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Particles or Waves?

  1. May 31, 2005 #1
    If we use a normal gun sending out one bullet at a time, there is obviously no interference. However there is interference in waves. Still, if we send out electrons one at a time, they interfere with each other’s motion. Why is it so? Aren’t electrons particles?
  2. jcsd
  3. May 31, 2005 #2
    The wave function of an electron is a quantity to say something about the probability of finding the electron in space. Bohr's probability interpretation "connect's" the wave nature with the particle nature of quantas.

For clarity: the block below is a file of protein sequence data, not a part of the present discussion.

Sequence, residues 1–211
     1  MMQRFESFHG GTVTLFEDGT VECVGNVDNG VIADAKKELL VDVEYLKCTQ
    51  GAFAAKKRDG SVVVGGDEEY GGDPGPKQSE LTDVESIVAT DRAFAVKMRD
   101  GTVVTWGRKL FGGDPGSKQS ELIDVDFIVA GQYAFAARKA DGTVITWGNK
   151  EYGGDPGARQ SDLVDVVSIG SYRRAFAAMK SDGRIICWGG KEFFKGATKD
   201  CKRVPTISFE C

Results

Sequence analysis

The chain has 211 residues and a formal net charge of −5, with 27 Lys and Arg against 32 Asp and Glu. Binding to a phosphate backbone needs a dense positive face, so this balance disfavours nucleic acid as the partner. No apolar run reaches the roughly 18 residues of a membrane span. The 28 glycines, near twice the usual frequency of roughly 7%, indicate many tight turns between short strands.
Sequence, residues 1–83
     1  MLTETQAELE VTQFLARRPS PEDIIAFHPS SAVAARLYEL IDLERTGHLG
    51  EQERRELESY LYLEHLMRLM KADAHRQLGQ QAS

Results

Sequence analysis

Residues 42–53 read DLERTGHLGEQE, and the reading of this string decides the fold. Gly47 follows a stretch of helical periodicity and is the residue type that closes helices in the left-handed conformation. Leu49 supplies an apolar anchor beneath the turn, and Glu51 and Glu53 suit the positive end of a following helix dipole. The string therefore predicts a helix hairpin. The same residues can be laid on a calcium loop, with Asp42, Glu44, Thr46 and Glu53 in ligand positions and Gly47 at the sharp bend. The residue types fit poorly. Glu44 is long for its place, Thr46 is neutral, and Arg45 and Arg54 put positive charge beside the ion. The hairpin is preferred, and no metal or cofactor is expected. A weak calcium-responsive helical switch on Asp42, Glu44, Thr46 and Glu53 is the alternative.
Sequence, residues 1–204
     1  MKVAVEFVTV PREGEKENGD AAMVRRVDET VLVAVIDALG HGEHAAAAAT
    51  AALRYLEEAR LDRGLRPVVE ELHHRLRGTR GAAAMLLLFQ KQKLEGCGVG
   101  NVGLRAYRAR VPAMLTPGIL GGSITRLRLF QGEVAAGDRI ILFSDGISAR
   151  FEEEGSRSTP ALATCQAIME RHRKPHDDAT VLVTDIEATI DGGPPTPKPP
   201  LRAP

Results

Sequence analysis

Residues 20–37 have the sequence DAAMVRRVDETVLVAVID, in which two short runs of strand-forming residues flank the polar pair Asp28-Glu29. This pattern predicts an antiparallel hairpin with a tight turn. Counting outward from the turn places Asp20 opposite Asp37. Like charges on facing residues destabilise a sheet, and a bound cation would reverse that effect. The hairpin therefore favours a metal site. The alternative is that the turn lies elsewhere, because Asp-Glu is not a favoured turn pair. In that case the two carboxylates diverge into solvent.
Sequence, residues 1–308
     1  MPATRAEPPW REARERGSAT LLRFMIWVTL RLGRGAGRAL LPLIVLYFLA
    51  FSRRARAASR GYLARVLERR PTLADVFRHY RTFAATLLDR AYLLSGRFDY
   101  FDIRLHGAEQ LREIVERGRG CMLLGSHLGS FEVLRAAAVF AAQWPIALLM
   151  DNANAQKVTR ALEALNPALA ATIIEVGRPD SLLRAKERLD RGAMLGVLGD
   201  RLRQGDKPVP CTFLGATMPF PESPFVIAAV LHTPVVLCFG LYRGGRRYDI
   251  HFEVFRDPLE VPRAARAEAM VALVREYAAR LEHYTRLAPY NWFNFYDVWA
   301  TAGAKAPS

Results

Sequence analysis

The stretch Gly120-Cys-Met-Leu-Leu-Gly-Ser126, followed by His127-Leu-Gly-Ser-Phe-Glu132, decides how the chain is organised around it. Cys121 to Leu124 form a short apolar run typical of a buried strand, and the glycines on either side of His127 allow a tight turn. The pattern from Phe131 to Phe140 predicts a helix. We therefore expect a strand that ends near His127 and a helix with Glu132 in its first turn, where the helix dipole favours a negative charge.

4. May 31, 2005 #3
    Firing bullets

    The reason electrons interfere while bullets do not is because bullets are very very large and hence have very small wavelengths, so the probability distribution of the interference pattern is seen as essentially gaussian. Refer to Feynamn Volume 3, Chapter on double slit experiment (chapters 1,2 or 3 i believe).
  5. Jun 2, 2005 #4
    Bullets do interfere. To see them interfere in a two-slit experiment, you would
    have to launch them with a low enough momentum so that the wavlength was comparable
    to the slit width.
  6. Jun 2, 2005 #5
    And looking at a sufficient distance apart from the slits. :biggrin:

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